Just some thoughts about Caron's Pour un Homme
7 years ago
Pour un Homme de Caron is a real classic gents' cologne.
Launched in 1938, it seems to have become a role model for gents' and unisex lavender colognes. The main idea behind it is the combination of lavender with vanilla.
While lavender could be described as herbal and fougère-style, vanilla is smooth, broad and oriental. IMHO, Caron's Pour und Homme should be regarded as a semi-oriental.
For some reason, this combination must be very tempting for perfumers. From budget to niche - it is hard to find lavender perfumes without Caron's vanilla touch.
Opposites attract - but in case of lavender vs. vanilla I have a different opnion. I think those two notes are too far apart, and I don't feel at home with that accord.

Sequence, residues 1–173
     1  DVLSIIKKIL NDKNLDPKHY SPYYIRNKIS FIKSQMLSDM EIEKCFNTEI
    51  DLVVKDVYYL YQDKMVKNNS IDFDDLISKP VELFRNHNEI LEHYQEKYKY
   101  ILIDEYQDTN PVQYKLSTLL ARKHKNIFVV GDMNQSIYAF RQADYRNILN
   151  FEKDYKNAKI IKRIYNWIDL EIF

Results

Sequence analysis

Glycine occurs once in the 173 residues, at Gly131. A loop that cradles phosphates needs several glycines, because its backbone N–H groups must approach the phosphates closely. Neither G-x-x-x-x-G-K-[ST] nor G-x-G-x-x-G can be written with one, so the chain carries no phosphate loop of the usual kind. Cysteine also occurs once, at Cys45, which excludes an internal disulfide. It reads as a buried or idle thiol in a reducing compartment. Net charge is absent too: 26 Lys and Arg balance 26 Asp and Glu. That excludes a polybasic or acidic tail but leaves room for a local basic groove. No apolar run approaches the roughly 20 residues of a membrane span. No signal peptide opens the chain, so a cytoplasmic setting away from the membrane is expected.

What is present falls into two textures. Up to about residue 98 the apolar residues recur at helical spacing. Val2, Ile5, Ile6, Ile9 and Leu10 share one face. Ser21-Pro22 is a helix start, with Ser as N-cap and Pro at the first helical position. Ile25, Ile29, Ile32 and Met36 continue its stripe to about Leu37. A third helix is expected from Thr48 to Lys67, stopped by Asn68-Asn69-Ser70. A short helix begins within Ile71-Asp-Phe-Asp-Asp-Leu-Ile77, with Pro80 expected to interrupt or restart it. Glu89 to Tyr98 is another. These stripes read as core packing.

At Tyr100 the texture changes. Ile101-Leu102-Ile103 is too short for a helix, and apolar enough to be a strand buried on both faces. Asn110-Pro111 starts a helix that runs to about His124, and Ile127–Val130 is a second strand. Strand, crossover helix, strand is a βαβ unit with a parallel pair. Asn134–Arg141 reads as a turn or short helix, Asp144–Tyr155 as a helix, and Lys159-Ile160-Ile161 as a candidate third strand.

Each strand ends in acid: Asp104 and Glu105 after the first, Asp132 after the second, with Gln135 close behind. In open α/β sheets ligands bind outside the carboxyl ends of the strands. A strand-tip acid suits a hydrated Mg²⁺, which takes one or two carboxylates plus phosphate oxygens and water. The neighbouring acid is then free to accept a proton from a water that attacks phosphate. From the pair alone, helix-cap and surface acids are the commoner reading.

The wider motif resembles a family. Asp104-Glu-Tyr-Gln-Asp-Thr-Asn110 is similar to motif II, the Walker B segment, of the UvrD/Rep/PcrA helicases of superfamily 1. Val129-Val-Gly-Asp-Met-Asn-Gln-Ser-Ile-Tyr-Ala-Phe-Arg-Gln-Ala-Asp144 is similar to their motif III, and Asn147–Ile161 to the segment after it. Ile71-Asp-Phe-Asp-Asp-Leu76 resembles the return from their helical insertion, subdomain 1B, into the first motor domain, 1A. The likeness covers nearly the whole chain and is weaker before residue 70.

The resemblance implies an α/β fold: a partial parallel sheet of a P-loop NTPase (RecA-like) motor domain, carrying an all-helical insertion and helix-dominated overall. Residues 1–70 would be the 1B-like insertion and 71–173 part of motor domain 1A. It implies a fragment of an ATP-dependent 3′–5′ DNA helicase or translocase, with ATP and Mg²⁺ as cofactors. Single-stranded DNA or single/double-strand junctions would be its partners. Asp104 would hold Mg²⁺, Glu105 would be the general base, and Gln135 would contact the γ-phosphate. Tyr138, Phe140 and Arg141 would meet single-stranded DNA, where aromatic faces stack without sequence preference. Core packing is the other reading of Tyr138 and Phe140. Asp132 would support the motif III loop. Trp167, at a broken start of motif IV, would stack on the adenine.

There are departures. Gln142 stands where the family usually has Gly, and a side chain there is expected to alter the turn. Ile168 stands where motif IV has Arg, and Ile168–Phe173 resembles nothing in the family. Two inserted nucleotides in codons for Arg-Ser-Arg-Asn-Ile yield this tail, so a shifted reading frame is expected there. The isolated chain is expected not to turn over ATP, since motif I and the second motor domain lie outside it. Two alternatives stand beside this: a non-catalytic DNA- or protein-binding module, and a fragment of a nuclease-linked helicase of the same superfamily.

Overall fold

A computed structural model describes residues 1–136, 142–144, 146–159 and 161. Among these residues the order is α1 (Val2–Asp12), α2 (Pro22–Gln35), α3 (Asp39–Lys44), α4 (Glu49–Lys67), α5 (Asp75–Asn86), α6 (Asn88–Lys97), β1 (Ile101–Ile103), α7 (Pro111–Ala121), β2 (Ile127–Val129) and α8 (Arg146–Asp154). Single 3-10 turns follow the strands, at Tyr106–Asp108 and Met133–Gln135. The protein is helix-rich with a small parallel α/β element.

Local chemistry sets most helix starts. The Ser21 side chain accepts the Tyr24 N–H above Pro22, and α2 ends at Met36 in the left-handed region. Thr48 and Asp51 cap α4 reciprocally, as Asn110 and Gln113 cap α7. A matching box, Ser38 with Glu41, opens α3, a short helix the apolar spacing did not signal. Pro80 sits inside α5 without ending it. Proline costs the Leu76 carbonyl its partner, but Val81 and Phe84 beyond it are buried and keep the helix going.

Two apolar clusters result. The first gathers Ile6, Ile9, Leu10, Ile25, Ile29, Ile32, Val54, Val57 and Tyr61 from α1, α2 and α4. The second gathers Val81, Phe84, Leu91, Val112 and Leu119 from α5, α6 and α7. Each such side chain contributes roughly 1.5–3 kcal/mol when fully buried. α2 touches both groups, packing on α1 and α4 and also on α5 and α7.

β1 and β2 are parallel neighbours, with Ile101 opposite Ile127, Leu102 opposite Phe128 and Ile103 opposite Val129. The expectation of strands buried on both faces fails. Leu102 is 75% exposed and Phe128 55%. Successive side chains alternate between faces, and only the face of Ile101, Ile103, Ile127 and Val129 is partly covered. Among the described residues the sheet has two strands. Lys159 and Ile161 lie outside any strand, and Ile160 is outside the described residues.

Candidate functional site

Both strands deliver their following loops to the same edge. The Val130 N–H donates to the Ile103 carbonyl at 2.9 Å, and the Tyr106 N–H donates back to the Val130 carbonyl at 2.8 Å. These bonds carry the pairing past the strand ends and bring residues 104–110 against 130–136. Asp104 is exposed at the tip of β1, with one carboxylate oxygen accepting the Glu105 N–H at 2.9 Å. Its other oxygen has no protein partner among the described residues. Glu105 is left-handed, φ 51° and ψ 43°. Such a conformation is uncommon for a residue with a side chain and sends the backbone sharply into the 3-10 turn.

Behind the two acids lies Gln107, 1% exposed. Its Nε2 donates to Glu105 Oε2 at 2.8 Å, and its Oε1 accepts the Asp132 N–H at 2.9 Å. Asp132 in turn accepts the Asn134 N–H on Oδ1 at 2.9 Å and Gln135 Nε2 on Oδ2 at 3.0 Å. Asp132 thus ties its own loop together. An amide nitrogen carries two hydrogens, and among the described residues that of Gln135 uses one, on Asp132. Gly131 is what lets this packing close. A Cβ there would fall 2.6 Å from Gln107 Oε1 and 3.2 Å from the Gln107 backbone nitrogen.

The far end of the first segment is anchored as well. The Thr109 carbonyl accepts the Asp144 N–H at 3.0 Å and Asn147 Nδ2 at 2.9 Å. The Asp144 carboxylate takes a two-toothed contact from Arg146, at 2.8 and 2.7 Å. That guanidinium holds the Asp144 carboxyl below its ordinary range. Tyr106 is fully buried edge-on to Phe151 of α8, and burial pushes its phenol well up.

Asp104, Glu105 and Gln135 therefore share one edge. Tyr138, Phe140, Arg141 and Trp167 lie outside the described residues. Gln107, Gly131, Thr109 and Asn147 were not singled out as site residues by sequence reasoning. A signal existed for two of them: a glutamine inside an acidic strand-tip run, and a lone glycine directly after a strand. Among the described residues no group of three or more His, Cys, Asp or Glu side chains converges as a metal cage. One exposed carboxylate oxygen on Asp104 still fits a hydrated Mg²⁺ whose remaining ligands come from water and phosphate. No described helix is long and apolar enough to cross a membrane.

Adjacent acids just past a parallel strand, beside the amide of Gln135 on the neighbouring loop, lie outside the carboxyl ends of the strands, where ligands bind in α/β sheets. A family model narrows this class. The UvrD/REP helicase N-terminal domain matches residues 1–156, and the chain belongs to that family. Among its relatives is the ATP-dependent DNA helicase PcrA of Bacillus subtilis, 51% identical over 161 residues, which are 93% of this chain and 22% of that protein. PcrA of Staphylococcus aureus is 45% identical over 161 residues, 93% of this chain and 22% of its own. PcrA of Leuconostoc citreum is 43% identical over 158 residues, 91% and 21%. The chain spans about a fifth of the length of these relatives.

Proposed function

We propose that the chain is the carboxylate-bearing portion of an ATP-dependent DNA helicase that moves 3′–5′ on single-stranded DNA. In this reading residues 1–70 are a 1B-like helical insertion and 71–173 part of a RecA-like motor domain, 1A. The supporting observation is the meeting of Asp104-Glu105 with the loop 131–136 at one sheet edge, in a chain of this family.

There are supposedly at least two reasons for this combination. First, of course, it has proved commercially successful. And second, lavender itself seems to be a rather fleeting note that calls for a fixing agent. I suppose vanilla can provide just that.
So, I have been looking for Pour und Homme alternatives without vanilla, and I would like to point out two:
"Utopian" by social creatures: A very discreet lavender perfume. Also semi-oriental but with tonka and cognac instead of vanilla. Great and undeservedly unknown niche lavender.
"Oxford & Cambridge" by Czech & Speake. Dry, herbal and smoky. They abandoned the idea that lavender needs something to soften it. Gorgeous!
Besides that, it is always good to have a simple lavender water at home that is just that. I prefer unperfumed washing powder and fabric softener, and sprinkle a dash of lavender water on the fresh laundry.